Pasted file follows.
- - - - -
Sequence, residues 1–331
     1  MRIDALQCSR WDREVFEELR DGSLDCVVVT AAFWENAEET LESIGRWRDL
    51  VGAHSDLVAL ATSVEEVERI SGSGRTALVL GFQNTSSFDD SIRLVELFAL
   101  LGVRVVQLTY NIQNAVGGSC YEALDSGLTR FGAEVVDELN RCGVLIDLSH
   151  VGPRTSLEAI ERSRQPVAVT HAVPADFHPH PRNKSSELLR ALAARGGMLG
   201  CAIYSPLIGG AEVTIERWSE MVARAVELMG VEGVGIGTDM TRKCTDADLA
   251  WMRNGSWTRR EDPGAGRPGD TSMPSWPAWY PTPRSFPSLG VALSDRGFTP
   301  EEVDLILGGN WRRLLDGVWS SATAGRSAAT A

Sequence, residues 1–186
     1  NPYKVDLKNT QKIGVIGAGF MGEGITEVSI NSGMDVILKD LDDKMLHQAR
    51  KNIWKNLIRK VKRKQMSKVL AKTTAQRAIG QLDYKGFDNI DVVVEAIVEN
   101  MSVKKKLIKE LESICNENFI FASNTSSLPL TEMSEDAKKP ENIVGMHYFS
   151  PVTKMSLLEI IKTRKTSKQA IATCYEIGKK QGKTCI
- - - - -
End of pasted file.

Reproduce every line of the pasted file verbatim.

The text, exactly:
Sequence, residues 1–331
     1  MRIDALQCSR WDREVFEELR DGSLDCVVVT AAFWENAEET LESIGRWRDL
    51  VGAHSDLVAL ATSVEEVERI SGSGRTALVL GFQNTSSFDD SIRLVELFAL
   101  LGVRVVQLTY NIQNAVGGSC YEALDSGLTR FGAEVVDELN RCGVLIDLSH
   151  VGPRTSLEAI ERSRQPVAVT HAVPADFHPH PRNKSSELLR ALAARGGMLG
   201  CAIYSPLIGG AEVTIERWSE MVARAVELMG VEGVGIGTDM TRKCTDADLA
   251  WMRNGSWTRR EDPGAGRPGD TSMPSWPAWY PTPRSFPSLG VALSDRGFTP
   301  EEVDLILGGN WRRLLDGVWS SATAGRSAAT A

Sequence, residues 1–186
     1  NPYKVDLKNT QKIGVIGAGF MGEGITEVSI NSGMDVILKD LDDKMLHQAR
    51  KNIWKNLIRK VKRKQMSKVL AKTTAQRAIG QLDYKGFDNI DVVVEAIVEN
   101  MSVKKKLIKE LESICNENFI FASNTSSLPL TEMSEDAKKP ENIVGMHYFS
   151  PVTKMSLLEI IKTRKTSKQA IATCYEIGKK QGKTCI